While you’re sleeping, the skin’s repair mechanisms swing into action. Being sleep-deprived, by contrast, puts stress on the body, causing it to release more adrenaline and cortisol, which can trigger breakouts and other skin problems. And research from China found that insufficient sleep was a significant risk factor for acne among adolescents. Make getting seven to eight hours of shut-eye your last good-skin move of each day.
It takes a toll on nearly every part of your body, including your skin. In a study conducted at Stanford University, researchers found that during exam time, students who felt stressed had more severe acne breakouts than did those under less pressure. That’s because stress increases the body’s production of hormones such as cortisol, which can make skin oilier and decrease its ability to fight off acne-causing bacteria.
Soft water doesn’t remove soap well, so it can leave a residue on your skin. If your water is soft, use face and body cleansers sparingly (no more than a nickel- or quarter-size amount, respectively). Hard water, on the other hand, doesn’t allow washes to lather easily, prompting you to use even more cleanser, which can cause dryness. Gentle, non-soap formulas, which aren’t meant to lather, can minimize this.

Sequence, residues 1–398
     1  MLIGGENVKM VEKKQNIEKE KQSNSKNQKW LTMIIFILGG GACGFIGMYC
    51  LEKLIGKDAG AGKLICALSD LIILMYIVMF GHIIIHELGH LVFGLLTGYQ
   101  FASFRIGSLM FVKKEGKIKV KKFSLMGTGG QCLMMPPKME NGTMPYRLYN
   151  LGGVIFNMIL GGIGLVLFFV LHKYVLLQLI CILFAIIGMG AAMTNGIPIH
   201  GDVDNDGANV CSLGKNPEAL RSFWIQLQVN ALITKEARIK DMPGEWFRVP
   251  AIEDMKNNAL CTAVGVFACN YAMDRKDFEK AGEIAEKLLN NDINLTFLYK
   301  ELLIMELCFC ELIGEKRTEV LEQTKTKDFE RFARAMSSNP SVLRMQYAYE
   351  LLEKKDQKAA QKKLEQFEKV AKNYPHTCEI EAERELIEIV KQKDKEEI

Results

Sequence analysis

If your complexion is red or blotchy, then tea’s anti-inflammatory properties can be soothing. The epigallocatechin gallate (EGCG) in green tea may help prevent the collagen destruction that leads to wrinkles as well as sun-induced DNA damage in the skin (think lines and discoloration), according to some experts. Consider subbing tea for your morning mug of coffee.
It may sound counterintuitive, but if you have dry skin, your choice of face wash may be even more important than your moisturizer. A non-soap cleanser is ideal because it helps to replace the moisture barrier in the skin.